This is the 911-page question — what to make of a trunkful of stories written (and often, rejected) 60 years ago for a market with such narrow specs: short, kicky stories for white, middle-class readers with a snap at the end worthy of O. Henry (or better yet, “The Twilight Zone”).

For completists, this will be like a boxed set of a musician’s early work — Vonnegut’s Sun Studio sessions — 98 stories, including five recovered from the author’s papers at Indiana University and published for the first time here.

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Dorworth has a new book just published, ‘The Only Path’


Dorworth has written elsewhere, “We were young ski racers in 1953, boys in love with an activity that took me out of myself and into a world of mountains, snow, crystal clean air and focused vision, out of the anger, confusion, and encompassing fury of my particular set of circumstances within a rage-filled generation. Skiing and, more specifically, ski racing probably saved my life, allowing me to grow into a social critic instead of the sociopath I might have become in response to society’s violent and small-minded hypocrisies, pretensions, and shallow smugness. Skiing kept anger, adolescent hormones, and confusion in check enough to focus on a path that was to take me skiing all over the world. It formed and informed my life at least as much as the dynamics of family, the structure of schools, the warmth and generosity of true friends, the betrayals of false friends, and the other (and normal) vicissitudes of life.”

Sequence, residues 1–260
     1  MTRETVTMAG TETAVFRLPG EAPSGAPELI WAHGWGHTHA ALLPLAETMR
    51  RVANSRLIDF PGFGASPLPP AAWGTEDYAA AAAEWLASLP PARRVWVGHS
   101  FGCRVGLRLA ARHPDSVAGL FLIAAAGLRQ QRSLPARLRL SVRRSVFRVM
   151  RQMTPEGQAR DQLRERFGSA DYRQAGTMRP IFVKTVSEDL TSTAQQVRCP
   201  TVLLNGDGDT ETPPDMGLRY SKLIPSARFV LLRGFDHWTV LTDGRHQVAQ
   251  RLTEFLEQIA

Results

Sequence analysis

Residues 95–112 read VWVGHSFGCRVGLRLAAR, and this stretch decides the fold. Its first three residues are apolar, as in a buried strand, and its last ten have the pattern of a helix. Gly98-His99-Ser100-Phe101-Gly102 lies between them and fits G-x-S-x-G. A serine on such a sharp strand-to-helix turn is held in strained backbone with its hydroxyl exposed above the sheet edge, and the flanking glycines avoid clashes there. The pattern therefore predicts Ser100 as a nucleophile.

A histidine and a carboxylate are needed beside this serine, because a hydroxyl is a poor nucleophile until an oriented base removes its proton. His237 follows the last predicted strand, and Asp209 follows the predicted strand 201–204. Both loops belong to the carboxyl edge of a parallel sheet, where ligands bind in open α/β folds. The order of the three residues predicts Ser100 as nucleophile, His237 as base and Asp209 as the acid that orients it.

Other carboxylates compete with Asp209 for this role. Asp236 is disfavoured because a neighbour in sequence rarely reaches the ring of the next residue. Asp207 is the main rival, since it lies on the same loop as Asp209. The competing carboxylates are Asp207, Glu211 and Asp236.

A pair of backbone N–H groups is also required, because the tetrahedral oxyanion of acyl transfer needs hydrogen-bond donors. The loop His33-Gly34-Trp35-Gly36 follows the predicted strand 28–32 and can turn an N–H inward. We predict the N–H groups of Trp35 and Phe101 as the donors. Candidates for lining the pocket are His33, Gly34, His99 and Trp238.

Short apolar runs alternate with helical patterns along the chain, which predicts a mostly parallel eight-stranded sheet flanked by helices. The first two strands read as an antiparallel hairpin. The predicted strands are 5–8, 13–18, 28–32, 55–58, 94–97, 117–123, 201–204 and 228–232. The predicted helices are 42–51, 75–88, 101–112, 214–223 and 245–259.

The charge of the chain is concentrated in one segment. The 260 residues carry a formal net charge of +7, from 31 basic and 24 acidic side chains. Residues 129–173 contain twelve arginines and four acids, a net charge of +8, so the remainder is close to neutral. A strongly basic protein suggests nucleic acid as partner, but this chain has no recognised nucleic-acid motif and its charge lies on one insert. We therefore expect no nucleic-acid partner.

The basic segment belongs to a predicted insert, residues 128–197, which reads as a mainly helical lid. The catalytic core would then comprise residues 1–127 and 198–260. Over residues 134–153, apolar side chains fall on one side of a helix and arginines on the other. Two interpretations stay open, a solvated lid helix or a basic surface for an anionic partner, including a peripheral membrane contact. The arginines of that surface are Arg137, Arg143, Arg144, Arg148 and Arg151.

Amazon purchase



‘I’m blessed with a certain amnesia’

After his comeback to performing and Hallelujah’s unlikely chart domination, Leonard Cohen has had a remarkable year. He talks to Jian Ghomeshi about love, death and taking risks